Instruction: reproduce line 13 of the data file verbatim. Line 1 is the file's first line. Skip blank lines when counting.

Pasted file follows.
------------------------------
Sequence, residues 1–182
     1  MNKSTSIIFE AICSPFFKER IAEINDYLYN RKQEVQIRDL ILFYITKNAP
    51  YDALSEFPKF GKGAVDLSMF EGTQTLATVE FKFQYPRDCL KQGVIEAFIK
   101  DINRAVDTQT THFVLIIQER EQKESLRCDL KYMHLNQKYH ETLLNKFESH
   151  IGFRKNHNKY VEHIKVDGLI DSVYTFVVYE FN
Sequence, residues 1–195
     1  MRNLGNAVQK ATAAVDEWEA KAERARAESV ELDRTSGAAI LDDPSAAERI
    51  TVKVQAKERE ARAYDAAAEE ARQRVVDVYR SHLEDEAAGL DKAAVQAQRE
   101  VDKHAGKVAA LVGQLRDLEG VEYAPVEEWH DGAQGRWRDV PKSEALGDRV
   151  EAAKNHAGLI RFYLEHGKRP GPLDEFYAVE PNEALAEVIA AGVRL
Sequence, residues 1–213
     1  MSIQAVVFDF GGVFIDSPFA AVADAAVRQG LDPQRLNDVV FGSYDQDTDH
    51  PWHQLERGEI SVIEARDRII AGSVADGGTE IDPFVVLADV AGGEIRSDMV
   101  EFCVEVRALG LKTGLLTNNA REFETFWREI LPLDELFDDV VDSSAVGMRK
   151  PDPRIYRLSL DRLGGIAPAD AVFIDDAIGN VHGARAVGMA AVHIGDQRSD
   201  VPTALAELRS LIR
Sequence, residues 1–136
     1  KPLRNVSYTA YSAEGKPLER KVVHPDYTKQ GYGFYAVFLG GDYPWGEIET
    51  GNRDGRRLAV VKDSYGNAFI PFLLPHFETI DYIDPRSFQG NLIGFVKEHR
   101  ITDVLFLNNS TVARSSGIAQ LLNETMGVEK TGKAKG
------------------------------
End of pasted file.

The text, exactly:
    51  PWHQLERGEI SVIEARDRII AGSVADGGTE IDPFVVLADV AGGEIRSDMV